Your clients and coworkers have spoken about how infectious your positive attitude can be—where does that positivity come from?
I think it's a lot of my upbringing. My dad was involved in a lot of construction and stuff like that when I was a child, and my mom being in the medical field, as well. So they basically stressed having a lot of education and values that were going to take you places in life. Having that kind of mentorship as part of my normal upbringing, it wasn't difficult for me to extend that to the people around me. It's just my nature now, how I've lived. Showing up every day with a positive attitude, that makes a huge difference, I think.
What advice would you give to someone considering joining the trade?
If somebody's interested in joining this business, just be prepared to put in the time and effort. It's not a fly-by-night, overnight thing. If I'm going to do this, I'm going to put 100% of my time that is allowed for a job when I'm there. You have to do that. If you think that you can pass by just doing half the job and making it look half-decent, that's not going to work. I think that for me, I always do the best I can. I go above and beyond to make sure that if a client says, "Oh I don't like that," I'm going to say, "What would you like to try and do to see if we can make that the way you like it?" I think you end up in a better position if you start with a good attitude.
What's your favorite tool to use?
Probably a scraper, honestly! I have 20 of them. I have a scraper in my pocket at all times, especially when I'm sanding a floor, because there's always little things that I might have to scrape to take out, right? It's my go-to. I can fix just about everything with a scraper and a little bit of sandpaper. I actually did samples for a client the other day; the home is lived in, so I didn't want to pull out any sanding machines yet because we weren't starting for another week. So I pulled out my scraper and my file and I found a 4-square-foot area on the prefinished floor, which I hand-scraped and did some samples. The client and I got the general idea of where we wanted to be. My scraper is a great little tool.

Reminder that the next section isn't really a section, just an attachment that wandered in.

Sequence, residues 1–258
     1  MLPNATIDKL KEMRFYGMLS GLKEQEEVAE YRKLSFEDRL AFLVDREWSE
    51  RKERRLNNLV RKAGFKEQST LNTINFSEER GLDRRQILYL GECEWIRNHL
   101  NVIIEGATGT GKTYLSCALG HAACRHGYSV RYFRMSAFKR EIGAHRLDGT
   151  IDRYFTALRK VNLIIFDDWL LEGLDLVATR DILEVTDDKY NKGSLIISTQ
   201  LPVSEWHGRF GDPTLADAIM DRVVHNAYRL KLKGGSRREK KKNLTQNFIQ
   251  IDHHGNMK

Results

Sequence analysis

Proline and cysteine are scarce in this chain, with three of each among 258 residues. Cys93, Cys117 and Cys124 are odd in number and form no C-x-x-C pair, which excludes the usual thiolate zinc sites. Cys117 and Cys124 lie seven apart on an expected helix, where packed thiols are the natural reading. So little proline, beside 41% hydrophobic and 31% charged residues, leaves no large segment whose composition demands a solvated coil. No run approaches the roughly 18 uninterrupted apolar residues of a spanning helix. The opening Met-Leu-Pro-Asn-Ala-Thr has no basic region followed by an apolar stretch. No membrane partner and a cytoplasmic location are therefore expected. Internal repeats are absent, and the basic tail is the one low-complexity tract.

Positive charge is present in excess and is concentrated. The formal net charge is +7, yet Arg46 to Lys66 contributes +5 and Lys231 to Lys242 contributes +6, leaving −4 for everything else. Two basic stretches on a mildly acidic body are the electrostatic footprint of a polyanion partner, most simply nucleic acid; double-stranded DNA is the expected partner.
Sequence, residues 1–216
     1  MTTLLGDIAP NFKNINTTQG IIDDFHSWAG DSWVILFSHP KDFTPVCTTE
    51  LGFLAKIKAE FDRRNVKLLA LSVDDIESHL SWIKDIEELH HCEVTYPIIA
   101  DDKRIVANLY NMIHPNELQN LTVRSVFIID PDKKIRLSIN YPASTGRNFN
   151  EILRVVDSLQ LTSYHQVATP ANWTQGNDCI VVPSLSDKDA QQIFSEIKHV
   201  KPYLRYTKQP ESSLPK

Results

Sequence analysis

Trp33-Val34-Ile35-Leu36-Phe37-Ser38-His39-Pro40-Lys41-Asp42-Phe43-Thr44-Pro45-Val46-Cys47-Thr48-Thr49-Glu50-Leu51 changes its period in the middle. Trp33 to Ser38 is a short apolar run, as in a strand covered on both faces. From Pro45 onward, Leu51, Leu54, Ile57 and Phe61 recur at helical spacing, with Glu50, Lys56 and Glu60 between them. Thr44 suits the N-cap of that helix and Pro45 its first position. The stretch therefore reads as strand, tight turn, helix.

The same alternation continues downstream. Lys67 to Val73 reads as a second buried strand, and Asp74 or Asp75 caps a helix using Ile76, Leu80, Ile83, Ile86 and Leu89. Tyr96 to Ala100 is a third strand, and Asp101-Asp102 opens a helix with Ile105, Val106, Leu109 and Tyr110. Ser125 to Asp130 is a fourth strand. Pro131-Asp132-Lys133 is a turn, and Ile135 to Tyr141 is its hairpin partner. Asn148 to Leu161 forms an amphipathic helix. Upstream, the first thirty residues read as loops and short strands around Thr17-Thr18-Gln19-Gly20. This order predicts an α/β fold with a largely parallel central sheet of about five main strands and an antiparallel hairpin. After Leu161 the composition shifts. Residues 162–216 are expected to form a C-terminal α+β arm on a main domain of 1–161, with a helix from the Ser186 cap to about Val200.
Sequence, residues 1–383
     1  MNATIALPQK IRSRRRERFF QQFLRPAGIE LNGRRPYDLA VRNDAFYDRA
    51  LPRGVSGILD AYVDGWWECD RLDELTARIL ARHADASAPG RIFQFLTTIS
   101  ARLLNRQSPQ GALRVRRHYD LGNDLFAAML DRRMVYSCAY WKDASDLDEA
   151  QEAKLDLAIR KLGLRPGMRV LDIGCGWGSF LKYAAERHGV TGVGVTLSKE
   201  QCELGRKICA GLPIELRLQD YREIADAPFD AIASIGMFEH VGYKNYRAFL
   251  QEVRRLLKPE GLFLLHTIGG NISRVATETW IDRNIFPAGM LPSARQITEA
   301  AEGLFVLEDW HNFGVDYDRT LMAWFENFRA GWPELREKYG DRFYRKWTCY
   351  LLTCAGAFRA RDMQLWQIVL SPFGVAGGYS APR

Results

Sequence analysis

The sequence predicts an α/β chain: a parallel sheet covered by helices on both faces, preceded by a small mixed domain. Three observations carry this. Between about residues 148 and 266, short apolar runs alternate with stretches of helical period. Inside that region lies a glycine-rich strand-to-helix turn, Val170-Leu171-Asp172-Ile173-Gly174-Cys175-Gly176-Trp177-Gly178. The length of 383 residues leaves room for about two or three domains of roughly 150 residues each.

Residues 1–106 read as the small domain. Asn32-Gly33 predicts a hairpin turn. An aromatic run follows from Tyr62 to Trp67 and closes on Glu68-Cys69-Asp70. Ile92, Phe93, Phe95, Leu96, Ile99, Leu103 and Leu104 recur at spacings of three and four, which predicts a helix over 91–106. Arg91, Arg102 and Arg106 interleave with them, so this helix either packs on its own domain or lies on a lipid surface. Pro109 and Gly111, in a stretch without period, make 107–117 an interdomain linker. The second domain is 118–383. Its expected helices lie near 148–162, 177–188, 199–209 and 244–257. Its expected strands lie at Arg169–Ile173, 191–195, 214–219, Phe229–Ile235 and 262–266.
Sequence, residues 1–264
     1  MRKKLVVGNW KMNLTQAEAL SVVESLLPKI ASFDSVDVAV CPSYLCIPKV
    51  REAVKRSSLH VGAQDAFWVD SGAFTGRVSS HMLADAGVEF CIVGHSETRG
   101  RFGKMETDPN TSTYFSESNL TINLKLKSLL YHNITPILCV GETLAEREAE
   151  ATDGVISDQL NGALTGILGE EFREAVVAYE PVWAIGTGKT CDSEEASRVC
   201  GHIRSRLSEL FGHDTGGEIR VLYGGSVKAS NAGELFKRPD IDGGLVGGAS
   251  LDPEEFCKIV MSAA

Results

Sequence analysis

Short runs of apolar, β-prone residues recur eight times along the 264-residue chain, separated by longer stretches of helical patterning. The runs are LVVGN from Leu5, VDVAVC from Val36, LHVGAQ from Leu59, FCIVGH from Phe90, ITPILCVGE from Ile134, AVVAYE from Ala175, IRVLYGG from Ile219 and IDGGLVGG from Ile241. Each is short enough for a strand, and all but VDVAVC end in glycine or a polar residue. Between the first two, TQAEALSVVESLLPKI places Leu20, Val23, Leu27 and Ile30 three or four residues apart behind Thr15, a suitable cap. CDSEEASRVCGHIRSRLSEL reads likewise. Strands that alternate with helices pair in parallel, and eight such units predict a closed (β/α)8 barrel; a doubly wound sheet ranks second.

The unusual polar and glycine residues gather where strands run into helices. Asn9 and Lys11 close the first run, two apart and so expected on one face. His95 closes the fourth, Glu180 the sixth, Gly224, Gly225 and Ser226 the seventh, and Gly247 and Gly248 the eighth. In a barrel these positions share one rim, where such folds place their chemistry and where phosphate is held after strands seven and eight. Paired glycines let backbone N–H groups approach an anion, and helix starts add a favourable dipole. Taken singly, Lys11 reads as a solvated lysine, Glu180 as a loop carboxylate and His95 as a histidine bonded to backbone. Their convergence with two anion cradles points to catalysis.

What are your passions outside of hardwood flooring?
I'm a big soccer fan. I've been playing soccer since I was probably nine years old when I came to Canada, and I still play today. At my age, I play most of the time twice a week. It helps me in my line of work, 100%. It's a very physical job. There's a lot of bending and twisting and stuff like that. Being athletic helps you with that. I find that I'm more flexible, whether I'm bending or troweling on some filler and stuff like that, I don't have an issue with that.
Anything else you'd like to add?
My career has actually helped me in my family life, as well. The whole industry has helped me be able to have my family. I feel like I'm doing something positive with my abilities, and I'm able to earn a good, honest living to support my children. In my young age, that was one of the things: I had to be able to maintain them. So hardwood flooring has done a lot for me in that sense. I love it for my family, and my family loves what I do. They just go hand-in-hand.
Ultimate Wood Floor Gal: Elizabeth Imlach
COMPANY: T&G Flooring | Chico, Calif.
YEARS IN THE INDUSTRY: 13
Elizabeth Imlach is a one-woman show who sees every job as an opportunity to perfect her craft. "Her attention to every little detail on every job is inspirational," wrote her fiancé, Paul Price, who nominated her as the 2022 Ultimate Wood Floor Gal. "She prefers doing every step ensuring the quality is the very best possible."
Like many who wind up in the trade, Imlach didn't expect to have a career in wood flooring. She began by studying architecture and construction management but started working for a hardwood flooring company after being laid off during the Great Recession. The work turned out to be a perfect match for her skills and attention to detail.